Skip to comments.Rural US disappearing? Population share hits low
Posted on 07/27/2011 8:23:08 PM PDT by Hunton Peck
WASHINGTON (AP) Rural America now accounts for just 16 percent of the nation's population, the lowest ever.
The latest 2010 census numbers hint at an emerging America where, by midcentury, city boundaries become indistinct and rural areas grow ever less relevant. Many communities could shrink to virtual ghost towns as they shutter businesses and close down schools, demographers say.
More metro areas are booming into sprawling megalopolises. Barring fresh investment that could bring jobs, however, large swaths of the Great Plains and Appalachia, along with parts of Arkansas, Mississippi and north Texas, could face significant population declines.
These places posted some of the biggest losses over the past decade as young adults left and the people who stayed got older, moving past childbearing years.
"This place ain't dead yet, but it's got about half a foot in the grave," said Bob Frees, 61, of Moundsville, W.Va., which now has a population of just over 9,000. "The big-money jobs are all gone. We used to have the big mills and the rolling plants and stuff like that, and you could walk out of high school when you were 16 or 17 and get a $15-an-hour job."
Demographers put it a bit more formally.
"Some of the most isolated rural areas face a major uphill battle, with a broad area of the country emptying out," said Mark Mather, associate vice president of the Population Reference Bureau, a research group in Washington, D.C. "Many rural areas can't attract workers because there aren't any jobs, and businesses won't relocate there because there aren't enough qualified workers. So they are caught in a downward spiral."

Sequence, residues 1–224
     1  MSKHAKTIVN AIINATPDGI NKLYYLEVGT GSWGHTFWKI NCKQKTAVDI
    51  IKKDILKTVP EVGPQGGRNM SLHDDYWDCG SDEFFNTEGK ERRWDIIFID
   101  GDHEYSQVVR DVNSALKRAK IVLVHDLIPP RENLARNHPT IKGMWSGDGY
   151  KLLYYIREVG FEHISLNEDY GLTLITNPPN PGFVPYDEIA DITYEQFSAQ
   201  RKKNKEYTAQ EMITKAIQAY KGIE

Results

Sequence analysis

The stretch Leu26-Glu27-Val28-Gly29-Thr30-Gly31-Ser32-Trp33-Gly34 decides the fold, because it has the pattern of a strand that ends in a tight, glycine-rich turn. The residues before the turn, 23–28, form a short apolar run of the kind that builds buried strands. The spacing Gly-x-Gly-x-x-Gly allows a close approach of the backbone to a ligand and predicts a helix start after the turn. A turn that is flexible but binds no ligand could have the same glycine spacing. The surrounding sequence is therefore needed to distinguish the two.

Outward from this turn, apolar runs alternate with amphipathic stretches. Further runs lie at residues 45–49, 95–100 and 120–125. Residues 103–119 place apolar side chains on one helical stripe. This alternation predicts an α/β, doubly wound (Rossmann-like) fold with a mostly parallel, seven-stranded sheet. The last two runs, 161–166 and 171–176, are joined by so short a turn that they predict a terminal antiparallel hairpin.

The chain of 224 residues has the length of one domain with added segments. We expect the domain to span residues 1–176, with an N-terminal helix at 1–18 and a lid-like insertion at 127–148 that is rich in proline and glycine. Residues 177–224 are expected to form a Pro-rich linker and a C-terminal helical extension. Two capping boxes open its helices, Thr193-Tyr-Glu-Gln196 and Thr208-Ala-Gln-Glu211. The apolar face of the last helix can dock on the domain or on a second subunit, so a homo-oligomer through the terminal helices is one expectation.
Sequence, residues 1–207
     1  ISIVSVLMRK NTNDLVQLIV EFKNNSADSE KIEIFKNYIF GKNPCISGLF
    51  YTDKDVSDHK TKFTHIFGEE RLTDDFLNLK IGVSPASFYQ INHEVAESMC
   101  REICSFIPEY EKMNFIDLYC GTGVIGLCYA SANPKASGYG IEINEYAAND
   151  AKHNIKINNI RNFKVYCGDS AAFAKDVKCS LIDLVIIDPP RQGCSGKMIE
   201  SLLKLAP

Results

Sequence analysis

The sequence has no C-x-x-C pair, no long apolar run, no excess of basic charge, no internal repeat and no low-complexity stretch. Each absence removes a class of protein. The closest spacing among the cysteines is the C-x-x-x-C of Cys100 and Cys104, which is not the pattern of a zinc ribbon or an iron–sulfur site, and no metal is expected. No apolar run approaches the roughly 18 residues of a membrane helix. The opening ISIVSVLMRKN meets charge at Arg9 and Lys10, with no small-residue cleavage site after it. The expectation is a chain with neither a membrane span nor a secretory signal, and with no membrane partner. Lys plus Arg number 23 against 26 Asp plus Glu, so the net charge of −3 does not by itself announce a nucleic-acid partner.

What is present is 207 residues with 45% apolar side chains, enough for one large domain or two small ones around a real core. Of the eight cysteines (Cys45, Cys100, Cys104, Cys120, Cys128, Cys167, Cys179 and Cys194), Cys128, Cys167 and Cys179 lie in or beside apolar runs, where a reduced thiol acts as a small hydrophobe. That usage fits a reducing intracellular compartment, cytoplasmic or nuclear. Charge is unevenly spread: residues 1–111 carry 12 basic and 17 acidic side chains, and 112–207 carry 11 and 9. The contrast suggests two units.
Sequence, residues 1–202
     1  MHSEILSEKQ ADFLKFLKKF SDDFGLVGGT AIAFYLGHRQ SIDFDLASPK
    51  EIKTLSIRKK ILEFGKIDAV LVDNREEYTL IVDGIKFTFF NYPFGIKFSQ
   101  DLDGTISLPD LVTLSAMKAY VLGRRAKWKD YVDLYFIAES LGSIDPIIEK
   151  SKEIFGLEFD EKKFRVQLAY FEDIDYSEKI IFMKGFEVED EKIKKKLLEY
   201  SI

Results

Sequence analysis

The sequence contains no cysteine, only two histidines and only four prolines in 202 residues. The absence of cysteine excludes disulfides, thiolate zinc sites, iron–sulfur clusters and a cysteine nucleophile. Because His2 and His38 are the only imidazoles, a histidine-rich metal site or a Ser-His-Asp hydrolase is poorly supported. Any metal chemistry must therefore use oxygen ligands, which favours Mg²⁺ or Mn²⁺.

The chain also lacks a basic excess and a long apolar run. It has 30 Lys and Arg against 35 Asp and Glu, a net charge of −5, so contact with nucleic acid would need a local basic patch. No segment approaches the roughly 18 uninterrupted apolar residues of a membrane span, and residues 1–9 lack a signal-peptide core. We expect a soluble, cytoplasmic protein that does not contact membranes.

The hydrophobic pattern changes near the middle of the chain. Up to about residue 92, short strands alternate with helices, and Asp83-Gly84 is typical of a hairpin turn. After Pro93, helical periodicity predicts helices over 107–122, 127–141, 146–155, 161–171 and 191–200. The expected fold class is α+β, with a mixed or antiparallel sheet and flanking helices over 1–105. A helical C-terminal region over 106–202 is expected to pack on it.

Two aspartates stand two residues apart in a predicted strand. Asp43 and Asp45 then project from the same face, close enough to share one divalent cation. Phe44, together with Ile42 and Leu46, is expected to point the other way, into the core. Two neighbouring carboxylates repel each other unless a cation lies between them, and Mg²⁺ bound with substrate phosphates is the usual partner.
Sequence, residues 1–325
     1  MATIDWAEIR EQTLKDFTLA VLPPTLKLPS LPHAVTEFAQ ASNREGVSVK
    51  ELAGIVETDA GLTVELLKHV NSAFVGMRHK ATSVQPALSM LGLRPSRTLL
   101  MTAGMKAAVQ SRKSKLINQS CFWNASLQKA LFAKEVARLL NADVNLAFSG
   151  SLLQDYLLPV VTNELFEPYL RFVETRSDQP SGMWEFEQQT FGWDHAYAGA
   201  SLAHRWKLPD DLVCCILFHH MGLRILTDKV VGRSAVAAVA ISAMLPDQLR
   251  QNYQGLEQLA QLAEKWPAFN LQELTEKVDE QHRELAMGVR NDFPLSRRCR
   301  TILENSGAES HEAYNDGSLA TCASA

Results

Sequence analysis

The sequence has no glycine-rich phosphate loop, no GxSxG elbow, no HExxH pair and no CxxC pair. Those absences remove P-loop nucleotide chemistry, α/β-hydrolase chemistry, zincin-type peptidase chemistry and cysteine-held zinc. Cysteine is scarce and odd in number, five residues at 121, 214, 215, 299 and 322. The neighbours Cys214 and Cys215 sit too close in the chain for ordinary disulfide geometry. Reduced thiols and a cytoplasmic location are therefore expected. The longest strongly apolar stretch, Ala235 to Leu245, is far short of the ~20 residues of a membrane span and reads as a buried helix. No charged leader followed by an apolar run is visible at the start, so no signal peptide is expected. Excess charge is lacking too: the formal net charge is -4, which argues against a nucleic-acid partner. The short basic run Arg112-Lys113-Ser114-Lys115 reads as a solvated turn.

Rural towns are scrambling to attract new residents and stave off heavy funding cuts from financially strapped federal and state governments.
(Excerpt) Read more at centurylink.net ...
“Actually poverty in the Great Plains and Appalachia is quite real and quite profound.”
No doubt about it. That is why the cities grow, people are desperate to make a living.
Some folks are satisfied with that. Not me and I lived the first 18 yrs of my life in a small town (5,000) and I had a fabulously happy childhood. Never in a million years would I go back there would have been nothing for me there except working in the mills. My kids profited by being raised in the big city and their lives reflect the increased opportunities they were given.
A couple of years ago I drove around the West on my way to Seattle for my boy’s wedding and have done so a couple of times. It was rather incredible to see that part of our country.
Of course, the sheer beauty of the landscape was overwhelming but it was also very informative to see the little towns that were being crushed by economic changes and the evidence of personal failures everywhere, homes deserted businesses wiped out.
Most of the time the people just packed up and left so the buildings where still standing rotting in the wind. It triggered some very poignant reflections on the uncertainties of life and the sadness to know that there was a tragic story behind much of it. People unable to cope due to no fault of their own because of macro economic changes. People who busted their butts yet still saw their dreams evaporate.
Apparently you're unfamiliar with the "flash mob" problem in Chicago these last few months; the number of murders, beatings, rapes and muggings each weekend since Spring.
Exactly how do these things make life in the cities much better than in the past?
The flash mobs are not a major problem after the initial flash in the pan. Nor is the murder rate higher than usual. It has actually been decreasing in the years I have lived in Chicago.
“Exactly how do these things make life in the cities much better than in the past?” I never made such a claim. What I said is that this city is not as violent or as crime ridden as in the past.